What is Berachain?


Berachain is an EVM-compatible Layer 1 (L1) blockchain that stands out through its adoption of the Proof-of-Liquidity (PoL) consensus mechanism. Designed to address the critical challenges faced by decentralized networks. It introduces a cutting-edge approach to blockchain governance and operations.

Key Features

  • High-performance Capabilities. Berachain is engineered for speed and scalability, catering to the growing demand for efficient blockchain solutions.
  • EVM Compatibility. It supports all Ethereum tooling, operations, and smart contract languages, making it a seamless transition for developers and projects from the Ethereum ecosystem.
  • Proof-of-Liquidity.This novel consensus mechanism focuses on building liquidity, decentralizing stake, and aligning the interests of validators and protocol developers.


EVM-Compatible vs EVM-Equivalent


EVM compatibility means a blockchain can interact with Ethereum's ecosystem to some extent. It can interact supporting its smart contracts and tools but not replicating the entire EVM environment.


An EVM-equivalent blockchain, on the other hand, aims to fully replicate Ethereum's environment. It ensures complete compatibility and a smooth transition for developers and users alike.

Berachain's Position

Berachain can be considered an "EVM-equivalent-plus" blockchain. It supports all Ethereum operations, tooling, and additional functionalities that optimize for its unique Proof-of-Liquidity and abstracted use cases.

Berachain Modular First Approach

At the heart of Berachain's development philosophy is the Polaris EVM framework. It's a testament to the blockchain's commitment to modularity and flexibility. This approach allows for the easy separation of the EVM runtime layer, ensuring that Berachain can adapt and evolve without compromising on performance or security.

Proof Of Liquidity Overview

High-Level Model Objectives

  • Systemically Build Liquidity. By enhancing trading efficiency, price stability, and network growth, Berachain aims to foster a thriving ecosystem of decentralized applications.
  • Solve Stake Centralization. The PoL consensus works to distribute stake more evenly across the network, preventing monopolization and ensuring a decentralized, secure blockchain.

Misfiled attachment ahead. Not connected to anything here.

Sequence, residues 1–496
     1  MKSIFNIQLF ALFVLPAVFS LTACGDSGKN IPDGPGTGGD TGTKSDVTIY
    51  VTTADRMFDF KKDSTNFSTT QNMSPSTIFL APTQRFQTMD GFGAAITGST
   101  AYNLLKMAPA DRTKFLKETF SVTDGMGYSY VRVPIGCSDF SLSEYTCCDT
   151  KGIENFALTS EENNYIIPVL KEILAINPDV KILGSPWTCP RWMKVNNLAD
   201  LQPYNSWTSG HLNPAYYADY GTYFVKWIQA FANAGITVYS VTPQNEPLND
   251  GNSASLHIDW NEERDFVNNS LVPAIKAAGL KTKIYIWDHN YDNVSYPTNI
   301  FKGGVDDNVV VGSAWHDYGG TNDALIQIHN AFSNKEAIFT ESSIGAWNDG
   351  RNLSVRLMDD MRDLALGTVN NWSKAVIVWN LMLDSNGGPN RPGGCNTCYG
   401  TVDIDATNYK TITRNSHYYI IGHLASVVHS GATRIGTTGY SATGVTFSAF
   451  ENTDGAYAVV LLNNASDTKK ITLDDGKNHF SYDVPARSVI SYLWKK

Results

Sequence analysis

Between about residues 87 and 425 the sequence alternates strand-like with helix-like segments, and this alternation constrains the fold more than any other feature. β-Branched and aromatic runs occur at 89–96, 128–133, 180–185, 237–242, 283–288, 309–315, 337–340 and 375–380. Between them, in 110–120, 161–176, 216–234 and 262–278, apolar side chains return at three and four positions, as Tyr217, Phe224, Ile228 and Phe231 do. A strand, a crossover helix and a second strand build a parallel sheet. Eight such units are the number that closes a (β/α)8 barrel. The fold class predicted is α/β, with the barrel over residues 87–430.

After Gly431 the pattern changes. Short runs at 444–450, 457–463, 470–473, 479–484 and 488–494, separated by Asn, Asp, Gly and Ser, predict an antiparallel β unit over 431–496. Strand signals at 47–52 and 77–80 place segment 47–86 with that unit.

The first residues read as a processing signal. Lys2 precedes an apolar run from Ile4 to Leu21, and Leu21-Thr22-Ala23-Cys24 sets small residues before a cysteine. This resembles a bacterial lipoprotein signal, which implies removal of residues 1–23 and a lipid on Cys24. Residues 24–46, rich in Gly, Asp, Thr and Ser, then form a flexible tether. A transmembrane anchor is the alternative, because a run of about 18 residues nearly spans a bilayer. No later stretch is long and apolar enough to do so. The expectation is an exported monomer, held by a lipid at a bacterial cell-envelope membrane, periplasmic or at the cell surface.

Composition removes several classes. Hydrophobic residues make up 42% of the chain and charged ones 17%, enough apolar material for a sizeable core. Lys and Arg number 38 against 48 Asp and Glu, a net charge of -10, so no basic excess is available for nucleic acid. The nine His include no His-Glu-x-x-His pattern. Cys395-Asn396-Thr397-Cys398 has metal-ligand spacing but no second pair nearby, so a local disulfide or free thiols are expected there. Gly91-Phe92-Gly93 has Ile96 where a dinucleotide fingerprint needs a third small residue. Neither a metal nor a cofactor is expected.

• Align Protocols and Validators. Berachain encourages a symbiotic relationship between validators and the broader protocol ecosystem.

Proof-of-Liquidity vs Proof-of-Stake

Unlike traditional Proof of Stake (PoS), which often leads to stake centralization and reduced liquidity, Proof of Liquidity (PoL) introduces mechanisms to incentivize liquidity provision and ensure a fairer, more decentralized network. Berachain separates the governance token (BGT) from the chain's gas token (BERA) and incentives liquidity through BEX pools. Berachain's PoL aims to overcome the limitations of PoS, fostering a more secure and user-centric blockchain.

Berachain EVM and Modular Approach

Polaris EVM

Polaris EVM is the cornerstone of Berachain's EVM compatibility, offering developers an enhanced environment for smart contract execution that includes stateful precompiles and custom modules. This framework ensures that Berachain not only meets but exceeds the capabilities of the traditional Ethereum Virtual Machine.


The CometBFT consensus engine underpins Berachain's network, providing a secure and efficient mechanism for transaction verification and block production. By leveraging the principles of Byzantine fault tolerance (BFT), CometBFT ensures the integrity and resilience of the Berachain blockchain.


Berachain represents a significant leap forward in blockchain technology, combining the best of Ethereum's ecosystem with innovative consensus mechanisms and a modular development approach. As the blockchain landscape continues to evolve, Berachain stands out as a promising platform for developers, users, and validators alike, offering a scalable, efficient, and inclusive environment for decentralized applications and services.


For those interested in exploring further, a wealth of resources is available, including the Berachain documentation, GitHub repository, and community forums. It offers a compelling vision for the future of blockchain technology, marked by efficiency, security, and community-driven innovation.


How is Berachain different?

  • It integrates Proof-of-Liquidity to address stake centralization and enhance liquidity, setting it apart from other blockchains.

Is Berachain EVM-compatible?

  • Yes, it supports Ethereum's tooling and smart contract languages, facilitating easy migration of dApps.

Can it handle high transaction volumes?

  • Yes, thanks to the Polaris framework and CometBFT consensus engine, it's built for scalability and high throughput.